AUSA Vice-President for Education participates as Student Theme Leader
Ondrej Kucerak talks to The Gaudie about his role in Enhancement Themes, Student-Led Project, and other plans regarding student learning
By Mireia Jimenez
Photo courtesy of Ondrej Kucerak
The Enhancement Themes, managed by the Quality Assurance Agency (QAA), are one of the five elements of the Scottish Quality Enhancement Framework (QEF) which “supports institutions in managing the quality of the student learning experience.”
Currently, two University of Aberdeen members act as Deputy Leader (Ruth Taylor) and Student Lead (Ondrej Kucerak) of the Enhancement Teams, with Professor Clare Peddie from the University of St Andrews and Quality Enhancement Manager Debra McFarlane as Theme Leaders. Ondrej described the Enhancement Teams current Scotland-wide projects: “We’ll be taking forward our work in two particular areas, the Equality, Diversity, and Inclusion and Flexible and Accessible Learning”
Equality, Diversity and Inclusion encloses an Anti-Racist Curriculum Project, Student and Mental Wellbeing and Supporting New Scots. The latter seeks to help “people who become students in Scotland by forced immigration, such as asylum seekers”.
Flexible and Accessible Learning will consist in achieving the recognition of all learning experiences.
“We want to create micro-credentials for people who take specific courses. We want them to be able to show future employers that there’s something they’ve done, although it is not a degree. This will encourage life-long learning that works for people on their own terms.”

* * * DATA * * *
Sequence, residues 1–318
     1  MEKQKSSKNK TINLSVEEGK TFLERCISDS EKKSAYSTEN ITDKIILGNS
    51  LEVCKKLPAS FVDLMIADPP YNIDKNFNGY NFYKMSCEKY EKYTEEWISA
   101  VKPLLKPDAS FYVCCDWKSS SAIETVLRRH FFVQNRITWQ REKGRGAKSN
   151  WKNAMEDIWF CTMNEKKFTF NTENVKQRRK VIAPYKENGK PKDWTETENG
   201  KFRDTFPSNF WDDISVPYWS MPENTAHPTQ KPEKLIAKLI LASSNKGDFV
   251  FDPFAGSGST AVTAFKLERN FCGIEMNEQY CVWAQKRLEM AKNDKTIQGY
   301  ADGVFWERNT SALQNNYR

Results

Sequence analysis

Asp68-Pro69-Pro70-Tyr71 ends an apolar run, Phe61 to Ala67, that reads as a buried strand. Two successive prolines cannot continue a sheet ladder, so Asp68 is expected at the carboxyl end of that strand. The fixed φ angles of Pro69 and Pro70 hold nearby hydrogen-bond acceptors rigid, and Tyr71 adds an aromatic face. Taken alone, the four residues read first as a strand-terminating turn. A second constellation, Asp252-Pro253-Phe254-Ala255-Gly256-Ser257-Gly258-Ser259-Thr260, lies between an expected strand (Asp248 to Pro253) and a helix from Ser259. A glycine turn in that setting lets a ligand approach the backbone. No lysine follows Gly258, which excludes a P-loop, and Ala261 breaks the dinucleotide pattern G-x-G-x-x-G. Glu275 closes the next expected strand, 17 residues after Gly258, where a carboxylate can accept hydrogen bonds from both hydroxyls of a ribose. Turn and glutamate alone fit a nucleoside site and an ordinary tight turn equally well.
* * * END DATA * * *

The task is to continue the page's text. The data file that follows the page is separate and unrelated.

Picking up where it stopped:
The Enhancement Themes also hold the so-called Student-Led Projects, where student representatives and staff from across Higher Educational Institutions (HEI) work together for the development of new policies, practices, resources and networks.
“Here we are working on how to achieve the parity of experience of students in a hybrid setting,” he said. “Students who are studying from outside of the UK are particularly disadvantaged due to time-differences and IT issues, for instance.”
“Me being the lead is a great opportunity for Aberdeen since I get to learn what other universities are doing and compare it with our own.”
One example of this is the new lecture theatre in Kings College, which has been set up to enhance a better learning experience.
He also holds student representative positions in Quality Arrangements for Scottish Higher Education (QASHE) which “is a very direct access to government for universities”, as well as the Scottish Strategic Advisory Committee (SSAC).
When talking about his role in the university, The Gaudie asked him why some degrees can hold more face-to-face classes than others, to which he answered:
“It’s a different setting from hospitality. Lecture theatres cannot exceed a capacity of fifty people and certain staff members and their families can be at risk if they contract COVID-19. Some staff members were quite anxious about coming back to teach in front of large numbers of people. This creates a disparity between degrees.”
Finally, when asked about the maintenance of COVID restrictions, the VP explained how the University is not yet allowed by the Government to open beyond certain times:
“We made it possible for MacRobert Building to be open 24/7 and we are trying to keep the library open as long as we can, as well as to increase its capacity. Soon we are hoping to open group study spaces within the library too.”